Shutdown Corner - NFL

OK, I give!

In response to all the nastygrams from those who were displeased that my Top Five Combine Quarterbacks post didn't include Central Michigan's Dan LeFevour: no offense intended. I like LeFevour a lot, but put Tony Pike at No. 5 as I like his arm quite a bit more. But LeFevour has a lot to offer, and it's time to talk about it.

When I wrote a piece about Eastern Washington quarterback Mike Reilly(notes) for the Washington Post last year, I talked to Greg Cosell of NFL Films and ESPN's NFL Matchup about how to analyze quarterbacks from small schools. How, I asked, should I pick apart the NFL-ready skill sets of quarterbacks who are facing Ball State and Alcorn State as opposed to Alabama and Florida? Greg, who's been watching game tape for a living since 1979, told me that you have to separate the skill set from the scheme and the opponent, and those words have stuck with me.

When looking at quarterbacks and trying to project them at the NFL level, a few things are required. The quarterback in question must make multiple reads in a big hurry. He must handle snaps under center and from the shotgun with about equal skill (or potential skill -- it's a good thing for all the spread offense-based quarterbacks that the percentage of NFL shotgun snaps has exploded in the last few years). And most of all, no matter how much we talk about Drew Brees(notes) and other guys who succeed in the pros by throwing underneath routes for high completion percentages, he must make what are called "stick throws" -- he must have the ability to hit receivers in tight windows anywhere from 12 to 20 yards. No matter who a quarterback is facing, that stuff either shows up, or it doesn't.

LeFevour comes into this next phase of his football life with a couple strikes against him. First, he played almost exclusively in a spread attack, and the pro lifespan for most spread quarterbacks is nonexistent. Second, there are legitimate concerns about his arm strength -- he impressed a lot of people by scoring two touchdowns in the Senior Bowl, but he also had observers slightly concerned with the ducks he threw during practices. More than anything, he'll need to show that he can hit those downfield throws with consistency at the combine.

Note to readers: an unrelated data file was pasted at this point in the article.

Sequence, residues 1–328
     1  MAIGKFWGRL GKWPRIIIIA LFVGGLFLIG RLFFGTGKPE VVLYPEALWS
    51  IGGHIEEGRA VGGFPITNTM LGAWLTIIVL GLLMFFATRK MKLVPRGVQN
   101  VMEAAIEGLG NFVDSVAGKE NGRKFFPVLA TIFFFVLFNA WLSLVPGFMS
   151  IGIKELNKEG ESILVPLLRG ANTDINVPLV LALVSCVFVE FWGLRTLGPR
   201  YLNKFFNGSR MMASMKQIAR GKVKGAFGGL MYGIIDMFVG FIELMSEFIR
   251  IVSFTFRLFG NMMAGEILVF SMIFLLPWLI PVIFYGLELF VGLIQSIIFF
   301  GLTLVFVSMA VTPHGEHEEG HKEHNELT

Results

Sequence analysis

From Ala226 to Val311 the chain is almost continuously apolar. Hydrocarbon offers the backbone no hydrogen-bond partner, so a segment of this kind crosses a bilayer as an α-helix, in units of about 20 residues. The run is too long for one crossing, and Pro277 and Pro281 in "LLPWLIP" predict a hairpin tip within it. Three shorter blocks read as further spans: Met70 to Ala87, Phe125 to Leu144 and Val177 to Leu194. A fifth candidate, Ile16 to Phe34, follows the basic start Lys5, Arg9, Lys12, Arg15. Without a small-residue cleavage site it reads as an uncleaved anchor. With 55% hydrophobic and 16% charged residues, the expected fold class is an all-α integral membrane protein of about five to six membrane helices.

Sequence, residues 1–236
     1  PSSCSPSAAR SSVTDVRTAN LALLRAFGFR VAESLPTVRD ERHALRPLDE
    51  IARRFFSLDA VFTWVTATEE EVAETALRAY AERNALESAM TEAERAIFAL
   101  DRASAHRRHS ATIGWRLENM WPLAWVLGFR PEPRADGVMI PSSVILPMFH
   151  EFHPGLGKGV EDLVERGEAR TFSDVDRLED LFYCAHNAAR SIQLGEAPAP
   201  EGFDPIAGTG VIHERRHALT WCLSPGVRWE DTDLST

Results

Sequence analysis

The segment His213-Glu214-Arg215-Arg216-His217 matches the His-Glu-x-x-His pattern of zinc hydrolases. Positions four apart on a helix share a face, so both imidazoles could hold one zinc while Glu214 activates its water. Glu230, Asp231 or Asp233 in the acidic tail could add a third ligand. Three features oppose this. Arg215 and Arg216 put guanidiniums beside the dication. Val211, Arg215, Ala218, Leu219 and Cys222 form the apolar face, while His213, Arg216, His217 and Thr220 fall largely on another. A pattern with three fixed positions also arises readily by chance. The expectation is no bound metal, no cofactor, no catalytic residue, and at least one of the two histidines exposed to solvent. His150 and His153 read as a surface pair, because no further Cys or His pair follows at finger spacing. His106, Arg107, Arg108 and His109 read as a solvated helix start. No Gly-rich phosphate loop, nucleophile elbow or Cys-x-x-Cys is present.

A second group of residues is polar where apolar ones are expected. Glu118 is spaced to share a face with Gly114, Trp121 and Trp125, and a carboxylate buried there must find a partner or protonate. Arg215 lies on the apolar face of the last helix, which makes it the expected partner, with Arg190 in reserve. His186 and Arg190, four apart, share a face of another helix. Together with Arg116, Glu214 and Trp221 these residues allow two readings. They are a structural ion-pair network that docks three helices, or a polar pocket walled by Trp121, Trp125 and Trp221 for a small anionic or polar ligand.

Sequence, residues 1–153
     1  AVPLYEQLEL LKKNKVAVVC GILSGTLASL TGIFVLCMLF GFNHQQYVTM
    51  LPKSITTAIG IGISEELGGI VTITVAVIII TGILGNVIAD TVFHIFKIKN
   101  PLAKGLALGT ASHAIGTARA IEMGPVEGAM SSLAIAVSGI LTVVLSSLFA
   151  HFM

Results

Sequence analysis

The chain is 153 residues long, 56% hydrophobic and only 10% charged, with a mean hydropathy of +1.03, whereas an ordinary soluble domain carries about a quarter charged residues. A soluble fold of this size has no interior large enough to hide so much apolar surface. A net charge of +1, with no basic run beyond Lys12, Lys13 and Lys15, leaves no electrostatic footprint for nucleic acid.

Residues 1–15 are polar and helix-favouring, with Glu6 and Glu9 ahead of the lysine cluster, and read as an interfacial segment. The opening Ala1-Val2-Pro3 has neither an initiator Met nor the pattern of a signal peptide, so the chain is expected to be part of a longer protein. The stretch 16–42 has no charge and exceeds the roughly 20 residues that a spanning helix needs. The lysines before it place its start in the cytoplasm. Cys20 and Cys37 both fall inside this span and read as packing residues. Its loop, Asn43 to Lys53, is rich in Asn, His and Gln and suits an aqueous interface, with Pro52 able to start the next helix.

LeFevour has been working with Zeke Bratkowski of Athletes' Performance Institute on taking the ball under center, and he knows he has something to prove that all spread quarterbacks do. The NFL has seen these touchdown machines before, chewed them up, and spit them out. Witness Texas Tech's Graham Harrell, who set the NCAA record with 134 passing touchdowns in three years as a starter, couldn't make an NFL club, and was last seen in the Canadian Football League.

"You're going up against the best and I was able to have some productivity," LeFevour said of the Senior Bowl performance. "I realize I have some work to do and there's not going to be as limited defensively at the next level as they were in this game. This is Pro Bowl rules."

NFL history is full of those stories, especially as the spread has grown in popularity. The combine is where Dan LeFevour will first try to transcend the status quo.

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